Edwards, Richard, English poet, dramatist, and composer; b. Somerset, 1524; d. London, Oct. 31, 1566. He was educated at Corpus Christi Coll., Oxford, and at Christ Church, Oxford (M.A., 1547). He became a member of the Chapel Royal in London, where he was made Master of the Children in 1561. With the choirboys there, he presented his play with his own songs, Damon and Pithias (Lincoln’s Inn, 1564). His most celebrated musical work was the partsong In goinge to my naked bedde, written to his own text, and included in his collection of verse The Paradyse of Daynty Devises (1576; ed. by E. Fellowes in The English Madrigal School, XXXVI).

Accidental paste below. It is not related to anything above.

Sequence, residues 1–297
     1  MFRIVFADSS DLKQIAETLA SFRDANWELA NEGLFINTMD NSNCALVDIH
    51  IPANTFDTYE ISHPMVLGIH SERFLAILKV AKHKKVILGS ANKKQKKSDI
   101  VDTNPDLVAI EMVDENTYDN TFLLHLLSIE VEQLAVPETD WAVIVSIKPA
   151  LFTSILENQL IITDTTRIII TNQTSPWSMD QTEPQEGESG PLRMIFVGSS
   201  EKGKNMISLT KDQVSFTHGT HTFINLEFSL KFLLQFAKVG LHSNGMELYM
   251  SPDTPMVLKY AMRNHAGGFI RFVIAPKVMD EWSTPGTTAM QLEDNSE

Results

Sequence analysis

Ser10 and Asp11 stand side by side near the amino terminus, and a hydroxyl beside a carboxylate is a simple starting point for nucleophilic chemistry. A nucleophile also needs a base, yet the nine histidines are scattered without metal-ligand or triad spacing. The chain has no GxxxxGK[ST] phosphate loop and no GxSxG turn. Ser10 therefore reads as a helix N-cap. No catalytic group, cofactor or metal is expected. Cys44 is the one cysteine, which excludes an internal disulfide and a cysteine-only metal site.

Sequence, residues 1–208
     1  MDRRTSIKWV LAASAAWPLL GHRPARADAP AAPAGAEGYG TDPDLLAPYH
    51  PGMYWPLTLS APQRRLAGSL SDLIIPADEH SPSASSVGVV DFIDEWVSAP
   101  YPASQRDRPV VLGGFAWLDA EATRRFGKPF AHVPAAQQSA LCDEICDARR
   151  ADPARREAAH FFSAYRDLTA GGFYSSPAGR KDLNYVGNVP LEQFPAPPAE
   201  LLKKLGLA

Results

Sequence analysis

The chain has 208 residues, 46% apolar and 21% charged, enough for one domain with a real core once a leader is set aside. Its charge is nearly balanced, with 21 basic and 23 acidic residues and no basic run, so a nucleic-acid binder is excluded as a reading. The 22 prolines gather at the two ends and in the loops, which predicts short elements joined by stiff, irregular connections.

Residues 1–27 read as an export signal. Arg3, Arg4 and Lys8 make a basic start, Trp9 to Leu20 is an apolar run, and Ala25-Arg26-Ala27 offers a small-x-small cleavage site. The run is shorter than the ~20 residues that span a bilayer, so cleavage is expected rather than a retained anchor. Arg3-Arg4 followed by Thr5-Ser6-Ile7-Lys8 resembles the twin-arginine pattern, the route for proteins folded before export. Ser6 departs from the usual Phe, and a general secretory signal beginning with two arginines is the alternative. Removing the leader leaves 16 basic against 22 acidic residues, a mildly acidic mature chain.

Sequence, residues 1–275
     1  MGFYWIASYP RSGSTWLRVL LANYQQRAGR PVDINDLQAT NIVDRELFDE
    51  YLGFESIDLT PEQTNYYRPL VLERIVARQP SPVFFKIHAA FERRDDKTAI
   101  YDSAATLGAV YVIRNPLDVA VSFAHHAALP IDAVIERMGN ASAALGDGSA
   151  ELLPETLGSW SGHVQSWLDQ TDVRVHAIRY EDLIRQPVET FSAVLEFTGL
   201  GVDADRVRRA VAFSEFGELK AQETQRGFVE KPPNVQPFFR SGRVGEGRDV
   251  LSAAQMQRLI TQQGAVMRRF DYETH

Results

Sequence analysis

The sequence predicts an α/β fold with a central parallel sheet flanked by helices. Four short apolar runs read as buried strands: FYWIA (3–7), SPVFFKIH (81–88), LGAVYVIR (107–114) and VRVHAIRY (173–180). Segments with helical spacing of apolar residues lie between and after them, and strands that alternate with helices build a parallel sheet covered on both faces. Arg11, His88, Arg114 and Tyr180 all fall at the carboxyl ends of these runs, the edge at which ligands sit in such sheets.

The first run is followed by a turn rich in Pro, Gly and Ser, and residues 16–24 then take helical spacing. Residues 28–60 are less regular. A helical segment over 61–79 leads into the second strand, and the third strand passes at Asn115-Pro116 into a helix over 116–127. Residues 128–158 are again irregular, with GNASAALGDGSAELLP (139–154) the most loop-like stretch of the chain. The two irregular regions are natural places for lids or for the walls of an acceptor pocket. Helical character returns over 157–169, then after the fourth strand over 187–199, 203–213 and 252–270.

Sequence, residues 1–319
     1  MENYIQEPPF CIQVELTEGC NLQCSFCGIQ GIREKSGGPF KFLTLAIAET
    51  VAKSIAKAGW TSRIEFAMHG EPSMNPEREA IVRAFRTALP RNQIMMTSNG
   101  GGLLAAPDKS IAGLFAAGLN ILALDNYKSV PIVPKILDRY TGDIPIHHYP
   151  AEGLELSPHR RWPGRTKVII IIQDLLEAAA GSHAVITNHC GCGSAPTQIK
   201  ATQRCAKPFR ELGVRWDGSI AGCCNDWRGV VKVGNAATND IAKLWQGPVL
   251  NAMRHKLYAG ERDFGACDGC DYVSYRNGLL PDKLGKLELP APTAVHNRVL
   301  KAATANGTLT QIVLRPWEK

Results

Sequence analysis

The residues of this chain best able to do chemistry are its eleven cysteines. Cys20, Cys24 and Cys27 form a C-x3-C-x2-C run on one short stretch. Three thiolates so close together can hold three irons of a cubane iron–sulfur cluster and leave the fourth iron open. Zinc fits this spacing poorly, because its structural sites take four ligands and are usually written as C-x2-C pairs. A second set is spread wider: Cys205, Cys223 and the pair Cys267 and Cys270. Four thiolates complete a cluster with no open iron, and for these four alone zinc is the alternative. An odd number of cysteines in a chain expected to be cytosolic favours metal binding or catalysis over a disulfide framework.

L. Bradner, The Life and Poems ofR. E. (New Haven, Conn., and London, 1927).
—Nicolas Slonimsky/Laura Kuhn/Dennis McIntire
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